The Return of the Fly is good,but not up to the level of its predecessor.The story finds us back in Montreal and Vincent is burying his sister in law,years after the first incident occurred.He has raised his nephew best he can and now that his nephew is old enough he wants to know the exact causes of his fathers death.Vincent takes him to the old company lab where it all began and relates the story.Instead of settling on this,the nephew wants to follow in his fathers footsteps.Vincent at first refuses to help,but eventually comes around.Mixed into this is an ex assistant of Vincent's that is a crook,who is working with the nephew now,and wants to steal the plans for the machines and make a buck.The nephew makes impressive headway but when he discovers what his assistant is up to a fight breaks out.The nephew is knocked unconscious and is thrown into an integration chamber.He also deliberately throws a fly into it.When he re-integrates he has been hideously transformed into a mutant like his father.He seeks out the crook and his assistant and kills them both.When he finally returns they are able to locate the fly that was in the chamber with him and they successfully bring the nephew back to normal.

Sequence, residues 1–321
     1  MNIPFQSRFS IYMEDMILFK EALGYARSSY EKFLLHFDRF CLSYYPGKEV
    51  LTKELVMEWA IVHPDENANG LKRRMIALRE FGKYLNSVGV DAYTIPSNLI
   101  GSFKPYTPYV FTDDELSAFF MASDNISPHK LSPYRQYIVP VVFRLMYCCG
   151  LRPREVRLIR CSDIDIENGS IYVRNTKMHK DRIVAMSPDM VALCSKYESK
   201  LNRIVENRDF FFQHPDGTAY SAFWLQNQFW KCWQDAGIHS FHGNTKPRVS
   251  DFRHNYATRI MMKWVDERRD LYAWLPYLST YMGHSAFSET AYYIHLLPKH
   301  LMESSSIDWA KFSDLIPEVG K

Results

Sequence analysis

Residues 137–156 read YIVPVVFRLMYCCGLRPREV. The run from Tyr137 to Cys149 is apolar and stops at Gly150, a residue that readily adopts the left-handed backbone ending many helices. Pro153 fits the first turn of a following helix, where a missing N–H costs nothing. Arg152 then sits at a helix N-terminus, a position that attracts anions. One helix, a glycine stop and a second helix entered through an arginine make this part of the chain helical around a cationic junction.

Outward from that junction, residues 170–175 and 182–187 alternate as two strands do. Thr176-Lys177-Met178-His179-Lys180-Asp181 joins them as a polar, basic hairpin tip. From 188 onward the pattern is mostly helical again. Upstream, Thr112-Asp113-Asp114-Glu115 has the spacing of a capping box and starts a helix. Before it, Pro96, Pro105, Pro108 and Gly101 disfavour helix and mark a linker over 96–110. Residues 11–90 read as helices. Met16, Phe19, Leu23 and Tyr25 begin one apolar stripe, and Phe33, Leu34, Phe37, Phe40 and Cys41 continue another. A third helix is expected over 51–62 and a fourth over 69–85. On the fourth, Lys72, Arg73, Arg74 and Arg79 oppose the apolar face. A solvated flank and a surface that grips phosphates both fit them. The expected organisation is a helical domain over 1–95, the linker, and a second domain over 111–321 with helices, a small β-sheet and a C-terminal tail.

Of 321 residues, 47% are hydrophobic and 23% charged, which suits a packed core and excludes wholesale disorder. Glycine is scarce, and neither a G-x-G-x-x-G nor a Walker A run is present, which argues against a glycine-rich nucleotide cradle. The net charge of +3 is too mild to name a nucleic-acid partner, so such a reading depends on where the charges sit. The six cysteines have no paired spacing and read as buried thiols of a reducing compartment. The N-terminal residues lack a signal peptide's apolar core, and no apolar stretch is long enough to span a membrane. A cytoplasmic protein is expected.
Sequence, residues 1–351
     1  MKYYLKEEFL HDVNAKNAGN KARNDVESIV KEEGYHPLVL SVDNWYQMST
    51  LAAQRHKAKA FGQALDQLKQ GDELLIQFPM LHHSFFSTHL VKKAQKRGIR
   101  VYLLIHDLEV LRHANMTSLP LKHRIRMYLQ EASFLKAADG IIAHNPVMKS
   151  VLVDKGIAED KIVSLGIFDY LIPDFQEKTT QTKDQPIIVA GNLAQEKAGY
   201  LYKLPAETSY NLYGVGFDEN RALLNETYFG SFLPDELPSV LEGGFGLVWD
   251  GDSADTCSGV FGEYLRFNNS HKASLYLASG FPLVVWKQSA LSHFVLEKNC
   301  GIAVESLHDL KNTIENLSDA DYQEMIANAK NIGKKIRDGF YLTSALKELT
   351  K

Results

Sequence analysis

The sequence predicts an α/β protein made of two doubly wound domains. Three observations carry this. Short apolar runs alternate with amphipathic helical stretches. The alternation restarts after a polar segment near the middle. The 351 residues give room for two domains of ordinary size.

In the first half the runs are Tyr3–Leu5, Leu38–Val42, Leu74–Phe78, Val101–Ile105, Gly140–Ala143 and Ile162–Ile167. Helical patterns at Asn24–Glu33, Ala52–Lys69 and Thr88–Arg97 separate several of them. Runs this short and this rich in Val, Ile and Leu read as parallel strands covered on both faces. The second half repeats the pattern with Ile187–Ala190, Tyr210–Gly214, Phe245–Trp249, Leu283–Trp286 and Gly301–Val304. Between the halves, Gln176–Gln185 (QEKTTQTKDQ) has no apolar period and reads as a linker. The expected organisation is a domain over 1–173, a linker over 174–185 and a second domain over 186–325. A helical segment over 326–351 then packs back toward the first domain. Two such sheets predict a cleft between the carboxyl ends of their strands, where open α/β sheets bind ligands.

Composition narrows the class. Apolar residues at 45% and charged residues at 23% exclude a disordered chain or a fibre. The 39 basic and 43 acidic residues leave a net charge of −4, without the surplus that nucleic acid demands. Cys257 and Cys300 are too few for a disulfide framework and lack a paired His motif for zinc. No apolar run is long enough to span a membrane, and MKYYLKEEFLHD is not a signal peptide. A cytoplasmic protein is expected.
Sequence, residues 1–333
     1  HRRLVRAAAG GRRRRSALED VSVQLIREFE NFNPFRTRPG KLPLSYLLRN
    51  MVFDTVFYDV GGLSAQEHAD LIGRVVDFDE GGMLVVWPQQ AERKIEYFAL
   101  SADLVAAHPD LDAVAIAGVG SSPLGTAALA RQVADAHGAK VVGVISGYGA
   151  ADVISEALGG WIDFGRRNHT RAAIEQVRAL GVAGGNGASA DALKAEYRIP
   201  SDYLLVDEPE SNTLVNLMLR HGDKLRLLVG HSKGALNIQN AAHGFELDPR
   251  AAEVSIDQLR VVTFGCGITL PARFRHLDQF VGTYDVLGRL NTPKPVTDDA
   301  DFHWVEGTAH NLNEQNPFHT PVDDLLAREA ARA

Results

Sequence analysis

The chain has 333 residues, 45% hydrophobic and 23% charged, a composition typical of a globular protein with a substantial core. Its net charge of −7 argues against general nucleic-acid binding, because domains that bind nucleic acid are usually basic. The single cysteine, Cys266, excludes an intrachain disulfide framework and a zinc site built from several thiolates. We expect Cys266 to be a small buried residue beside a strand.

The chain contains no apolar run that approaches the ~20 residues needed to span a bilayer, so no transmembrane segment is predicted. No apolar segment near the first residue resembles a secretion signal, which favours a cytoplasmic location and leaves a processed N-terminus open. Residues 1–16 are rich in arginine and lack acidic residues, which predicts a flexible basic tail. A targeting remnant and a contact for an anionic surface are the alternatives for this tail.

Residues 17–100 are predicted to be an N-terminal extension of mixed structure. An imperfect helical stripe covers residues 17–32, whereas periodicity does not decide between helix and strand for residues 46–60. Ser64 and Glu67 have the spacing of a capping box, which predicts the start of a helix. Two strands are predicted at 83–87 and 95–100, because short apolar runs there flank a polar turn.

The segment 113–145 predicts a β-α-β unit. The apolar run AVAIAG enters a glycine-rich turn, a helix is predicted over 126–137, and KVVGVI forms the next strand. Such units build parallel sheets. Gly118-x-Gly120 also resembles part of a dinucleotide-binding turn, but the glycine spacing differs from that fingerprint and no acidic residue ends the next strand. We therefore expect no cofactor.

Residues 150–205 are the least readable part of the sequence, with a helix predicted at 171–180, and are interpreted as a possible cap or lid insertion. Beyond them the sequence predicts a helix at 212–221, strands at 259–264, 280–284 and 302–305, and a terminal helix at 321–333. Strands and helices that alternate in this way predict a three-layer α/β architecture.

TROF just doesn't pack the same punch as the first,as we have already seen the results before,not to mention this film relies more on scare for scare sake(more typical of the 50s type films).It also has a quickie and unsatisfying ending.I would give it a 3 1/2 star rating.There was another sequel,The Curse of the Fly in /65,but it was not a good film at all,and didn't have any of the same folks in it from the original two.
All in all a great pairing of the original Fly movies with Vincent Price.The first is the best of the two.The DVD itself is on a dreaded double-sided disc,so watch out for possible scratching and scuffing.Recommended.
1 of 1 people found the following review helpful
on July 18, 2003